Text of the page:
8. senior-advisor-indiana
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    I cover a 100 mile radius. Well the farthest I drive is 90 minutes. I am usually happy with my closing skills, I just think I might be able to close more.
     
  9. salpro22
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    I was taught early on to be a hard closer, as in......I don't stop going for a yes until I hear a minimum of 5 no's. Did I learn a lot about people? Yes. Did I enjoy the hard close---HELL NO!!!!! Although I am familiar with the closing statements, I am a strong advocate of doing everything in my power to disqualify a prospect before I pitch a presentation. This way I don't feel as bad about not getting a sale... Here is a snapshot answer key to overcome the aforementioned objections. If you are doing a really good job qualifying, none of the answers matter and you should move on.

    1. I want to think about it

    You approach during the qualification state and the presentation stage. This is a very tough one to overcome, but I always ask if it is the company, plan, me, etc. The only thing left is price OR they might be hesistant to change and I understand the feeling and do not push hard.

    2. I have to talk to my kids

    "Is you kid an insurance agent." Well...no" "I'm an expert on health insurance and can answer any question you have, let's get the application going and in the meantime you can talk to your kids....." If no, move on and forget them....

    or

    Pre-Qualify- When you’re making a decision like this, who do you usually like to talk it over with? They will either say nobody or husband/wife. People rarely ever say their child, lawyer, accountant, but for some odd reason, the accountant, lawyer or kid comes up at the end. Better to shut the door behind you before going for the application.

    3. I have been blue cross for 30 years

    "I have been wearing my underwear for 5 days, but that doesn't mean it is the right thing to do." I'm just kidding...don't say that.........

    This is a matter of comfort and security and possibly a lack of trust and/or faith in you. Either you have to build up your company story or work on building up trust. People in general are very resistant to change and you need to keep that in mind when you think about hard closing.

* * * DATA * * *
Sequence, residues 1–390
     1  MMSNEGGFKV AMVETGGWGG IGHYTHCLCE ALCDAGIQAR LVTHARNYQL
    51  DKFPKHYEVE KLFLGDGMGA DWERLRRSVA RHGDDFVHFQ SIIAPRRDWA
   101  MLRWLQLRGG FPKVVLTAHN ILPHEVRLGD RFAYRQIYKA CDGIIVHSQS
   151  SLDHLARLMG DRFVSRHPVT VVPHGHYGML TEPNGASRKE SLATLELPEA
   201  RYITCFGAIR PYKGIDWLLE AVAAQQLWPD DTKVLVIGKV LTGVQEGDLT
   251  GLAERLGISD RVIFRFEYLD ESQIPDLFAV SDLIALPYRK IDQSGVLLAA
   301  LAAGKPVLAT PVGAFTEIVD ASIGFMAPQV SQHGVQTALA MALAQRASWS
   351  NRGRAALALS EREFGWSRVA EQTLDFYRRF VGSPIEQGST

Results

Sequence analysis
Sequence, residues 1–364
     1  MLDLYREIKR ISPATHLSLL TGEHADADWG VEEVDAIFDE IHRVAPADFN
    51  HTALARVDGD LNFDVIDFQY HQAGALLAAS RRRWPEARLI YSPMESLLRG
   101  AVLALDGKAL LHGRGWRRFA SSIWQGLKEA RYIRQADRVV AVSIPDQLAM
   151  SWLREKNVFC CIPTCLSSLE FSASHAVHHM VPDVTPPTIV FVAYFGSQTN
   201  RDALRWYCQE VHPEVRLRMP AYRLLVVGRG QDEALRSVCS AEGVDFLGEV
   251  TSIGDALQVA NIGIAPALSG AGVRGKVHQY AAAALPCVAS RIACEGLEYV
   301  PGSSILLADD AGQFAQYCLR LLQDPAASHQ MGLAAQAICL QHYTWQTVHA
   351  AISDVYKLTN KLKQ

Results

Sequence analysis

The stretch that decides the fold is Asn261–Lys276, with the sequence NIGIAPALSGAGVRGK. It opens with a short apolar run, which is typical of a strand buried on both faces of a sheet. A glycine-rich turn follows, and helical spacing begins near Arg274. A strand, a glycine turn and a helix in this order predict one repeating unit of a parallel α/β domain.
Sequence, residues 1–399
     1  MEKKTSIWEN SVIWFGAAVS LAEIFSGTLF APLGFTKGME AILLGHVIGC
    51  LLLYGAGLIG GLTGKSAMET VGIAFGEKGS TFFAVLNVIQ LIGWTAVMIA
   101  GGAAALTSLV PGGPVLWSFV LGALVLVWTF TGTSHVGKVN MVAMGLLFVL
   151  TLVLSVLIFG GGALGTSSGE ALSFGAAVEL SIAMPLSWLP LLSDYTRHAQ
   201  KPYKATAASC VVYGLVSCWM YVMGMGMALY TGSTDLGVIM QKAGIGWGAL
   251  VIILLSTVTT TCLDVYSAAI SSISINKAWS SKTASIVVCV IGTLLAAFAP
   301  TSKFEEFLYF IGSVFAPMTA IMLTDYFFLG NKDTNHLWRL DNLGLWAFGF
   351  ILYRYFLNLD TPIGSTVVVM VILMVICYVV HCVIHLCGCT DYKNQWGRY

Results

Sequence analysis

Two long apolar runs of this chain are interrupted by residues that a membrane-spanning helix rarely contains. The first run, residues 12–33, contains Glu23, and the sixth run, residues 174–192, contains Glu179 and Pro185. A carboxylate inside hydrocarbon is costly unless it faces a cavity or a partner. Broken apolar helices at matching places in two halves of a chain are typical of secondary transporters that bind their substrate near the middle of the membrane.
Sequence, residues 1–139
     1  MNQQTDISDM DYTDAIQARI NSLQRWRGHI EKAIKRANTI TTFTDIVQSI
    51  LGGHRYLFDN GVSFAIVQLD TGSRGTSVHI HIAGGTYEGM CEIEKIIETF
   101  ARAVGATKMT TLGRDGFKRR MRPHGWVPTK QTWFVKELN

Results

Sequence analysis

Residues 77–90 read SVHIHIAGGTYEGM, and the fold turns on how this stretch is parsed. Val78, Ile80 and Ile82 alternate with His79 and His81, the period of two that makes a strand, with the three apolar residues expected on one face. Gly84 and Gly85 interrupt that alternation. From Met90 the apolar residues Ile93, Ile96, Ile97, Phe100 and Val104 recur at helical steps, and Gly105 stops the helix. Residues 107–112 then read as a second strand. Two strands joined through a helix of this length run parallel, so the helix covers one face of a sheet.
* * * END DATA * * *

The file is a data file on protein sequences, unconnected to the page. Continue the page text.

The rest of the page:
4. I have never heard over your company

    See comments above...

    5. I want someone local

    "What do you hope to gain from having a local agent?." if no answer, move on. If yes, the conversation continues.... Wam, bam thank you ma'am....

    6. My current company has paid alot of claims for me

    "If I can save you money, would you do business with me? Is there anything that prevents us from doing business? If yes, the conversation continues, if no, move on....

    hope this helps.
     
    salpro22, Mar 27, 2007
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  10. Frank Stastny
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    Frank Stastny Guru

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    I think it has a lot to do with how much you know about the prospect before you go to the appointment. If you are cold calling; knocking on doors or "delivering information" (I consider that cold calling) I would say 97% is kicking ass and taking names.

    If you have somewhat qualified them on phone, set a specific appointment so they know to expect you and why you are coming, 97% is still kicking ass and taking names.

    In other words, I guess I don't understand your question since you are "kicking ass and taking names". :biggrin:

    There are all sorts of come-backs for the excuses you have listed. If you have the time and patience you can hang around longer and begin asking them questions. Usually though it comes down to how much money are you saving them. If you aren't saving them any then it is an up hill battle in the senior market.

    For the most part it is going to take another appointment if you want to try to sell them. I usually leave my folder with my card on it and tell them to call if they want to take the policy. Then follow up a few days later with a call.

    If they want to talk to their kids, a legitimate excuse, I ask them to have their kids call me or get their number and call them.

    If you press the issue too hard you may get them to sign only to have them cancel in a few days. At that point you have almost always lost any potential of a future sale. You can be too good at selling sometimes.

    Another one I hear a lot is: "I will lose all that money I paid the company if I leave."